Want to save this letter now that you've found it?
It's easy - just create your own collection of letters after signing up for a free account.
Dec. 16th, 1873.
MY DEAR MR. CORBIN:
As I telegraphed you Mr. Dent breathed his last at 11.45 last night. There was nothing during the day or evening to indicate his near approach to death more than there has been almost every day for the last five months. Indeed, and I believe for the first time since our return from Long Branch, he had himself partially dressed yesterday, ate a hearty breakfast, sitting up, and smoked his cigar with apparent relish. In the evening Mrs. Grant, Fred. and I were out until after 11 P.M., perfectly unconscious that his end was near. On our return we found his attending physician with him, and he, Mr. Dent, apparently in a quiet slumber. Not many minutes after he ceased to breathe and life was gone without a struggle or movement of a limb or muscle. It was a clear case of life worn out purely by time,--no disease, care or anxiety hastening dissolution.
On Thursday there will be funeral service at the house, by Dr. Tiffany, and at 11.30 his remains will leave the B. & P. Depot for St. Louis. The funeral there will be on Saturday next; and Mrs. Dent's remains will be brought up from the farm at the same time, and the two interred in Mr. Dent's lot in Bellefontaine. Dr. Sharp, Mr. Casey, Gen. Dent, Fred. Grant and myself, will accompany them.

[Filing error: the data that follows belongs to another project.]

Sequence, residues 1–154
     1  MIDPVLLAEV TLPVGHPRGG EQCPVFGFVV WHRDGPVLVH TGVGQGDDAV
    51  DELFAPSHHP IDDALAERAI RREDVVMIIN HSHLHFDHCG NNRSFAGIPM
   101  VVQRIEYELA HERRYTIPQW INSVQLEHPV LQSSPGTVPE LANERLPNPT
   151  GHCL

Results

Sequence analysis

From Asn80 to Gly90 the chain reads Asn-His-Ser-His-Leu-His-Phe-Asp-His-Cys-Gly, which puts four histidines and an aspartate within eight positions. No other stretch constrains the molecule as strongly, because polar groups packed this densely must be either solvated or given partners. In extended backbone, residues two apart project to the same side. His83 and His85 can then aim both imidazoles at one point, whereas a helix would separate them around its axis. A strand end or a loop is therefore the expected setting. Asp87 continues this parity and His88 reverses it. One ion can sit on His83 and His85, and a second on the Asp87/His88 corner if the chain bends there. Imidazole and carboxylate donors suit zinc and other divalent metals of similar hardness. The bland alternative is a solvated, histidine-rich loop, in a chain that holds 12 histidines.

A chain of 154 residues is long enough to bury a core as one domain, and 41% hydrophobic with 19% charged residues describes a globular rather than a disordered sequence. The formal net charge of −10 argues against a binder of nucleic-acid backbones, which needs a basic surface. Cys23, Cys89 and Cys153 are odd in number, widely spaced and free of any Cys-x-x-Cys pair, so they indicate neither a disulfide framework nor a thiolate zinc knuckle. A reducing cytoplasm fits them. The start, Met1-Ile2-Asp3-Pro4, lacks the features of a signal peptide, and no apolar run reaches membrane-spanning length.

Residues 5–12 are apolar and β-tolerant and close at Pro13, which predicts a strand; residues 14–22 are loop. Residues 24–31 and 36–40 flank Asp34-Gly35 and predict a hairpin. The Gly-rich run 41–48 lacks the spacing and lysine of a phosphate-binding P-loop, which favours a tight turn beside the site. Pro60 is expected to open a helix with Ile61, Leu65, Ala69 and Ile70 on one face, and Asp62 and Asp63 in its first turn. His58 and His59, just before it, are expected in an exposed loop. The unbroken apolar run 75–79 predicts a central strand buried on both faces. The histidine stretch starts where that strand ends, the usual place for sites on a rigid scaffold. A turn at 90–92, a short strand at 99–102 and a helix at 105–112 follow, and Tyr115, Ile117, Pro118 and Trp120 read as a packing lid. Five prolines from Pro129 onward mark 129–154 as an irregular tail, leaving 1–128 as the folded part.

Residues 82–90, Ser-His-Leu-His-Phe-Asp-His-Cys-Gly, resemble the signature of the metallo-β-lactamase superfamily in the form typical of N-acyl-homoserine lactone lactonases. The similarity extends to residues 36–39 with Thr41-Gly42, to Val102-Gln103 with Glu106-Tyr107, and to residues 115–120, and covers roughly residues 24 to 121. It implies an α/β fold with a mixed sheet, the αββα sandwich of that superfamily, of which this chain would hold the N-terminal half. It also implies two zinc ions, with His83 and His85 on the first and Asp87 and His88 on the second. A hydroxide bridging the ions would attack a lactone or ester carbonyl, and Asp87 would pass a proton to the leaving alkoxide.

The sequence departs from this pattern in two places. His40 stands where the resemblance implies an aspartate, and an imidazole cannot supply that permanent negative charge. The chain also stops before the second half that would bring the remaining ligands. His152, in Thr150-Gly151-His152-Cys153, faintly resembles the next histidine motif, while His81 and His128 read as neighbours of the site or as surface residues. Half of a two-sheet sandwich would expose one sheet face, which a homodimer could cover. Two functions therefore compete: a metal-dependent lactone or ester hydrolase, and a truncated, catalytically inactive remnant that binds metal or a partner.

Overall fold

During all the time Mr. Dent has been confined to his room, and at all times before when he was in the least unwell since we have been in the White House--Dr. Bazil Norris of the army has been most attentive. I feel disposed to recognize my appreciation of his attention in some way, and have thought if I could get about such a watch as was made for me at the establishment near Jersey City I would get that. If it is not asking too much of you to enquire I would like you to do so. If it can be got before Christmas you might order it at once, with the Doctor's monogram-- from his friend U.S. Grant --. If it cannot be had by that time I would not order it until further directed.
My children will all be at home by Thursday, unless it may be Bucky. The family are well, or as well as could be expected.--We would be very glad to see you here on Thursday, as an old friend of Mr. Dent, but do not ask that you should undergo the fatigue of the trip unless you feel well enough to do so.
Very truly yours,U.S. GRANT.
- Ulysses S. Grant